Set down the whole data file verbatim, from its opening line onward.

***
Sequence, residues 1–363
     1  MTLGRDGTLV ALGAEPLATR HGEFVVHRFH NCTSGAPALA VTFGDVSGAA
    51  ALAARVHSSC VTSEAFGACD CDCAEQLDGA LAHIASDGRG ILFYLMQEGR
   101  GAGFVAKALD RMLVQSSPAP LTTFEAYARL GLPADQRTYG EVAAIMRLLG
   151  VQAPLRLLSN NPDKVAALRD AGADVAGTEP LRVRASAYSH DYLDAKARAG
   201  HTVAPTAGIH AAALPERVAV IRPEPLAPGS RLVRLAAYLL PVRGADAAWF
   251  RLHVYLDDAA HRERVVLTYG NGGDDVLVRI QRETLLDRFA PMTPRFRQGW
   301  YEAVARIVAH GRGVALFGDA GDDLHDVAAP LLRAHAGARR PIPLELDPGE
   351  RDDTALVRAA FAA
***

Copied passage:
Sequence, residues 1–363
     1  MTLGRDGTLV ALGAEPLATR HGEFVVHRFH NCTSGAPALA VTFGDVSGAA
    51  ALAARVHSSC VTSEAFGACD CDCAEQLDGA LAHIASDGRG ILFYLMQEGR
   101  GAGFVAKALD RMLVQSSPAP LTTFEAYARL GLPADQRTYG EVAAIMRLLG
   151  VQAPLRLLSN NPDKVAALRD AGADVAGTEP LRVRASAYSH DYLDAKARAG
   201  HTVAPTAGIH AAALPERVAV IRPEPLAPGS RLVRLAAYLL PVRGADAAWF
   251  RLHVYLDDAA HRERVVLTYG NGGDDVLVRI QRETLLDRFA PMTPRFRQGW
   301  YEAVARIVAH GRGVALFGDA GDDLHDVAAP LLRAHAGARR PIPLELDPGE
   351  RDDTALVRAA FAA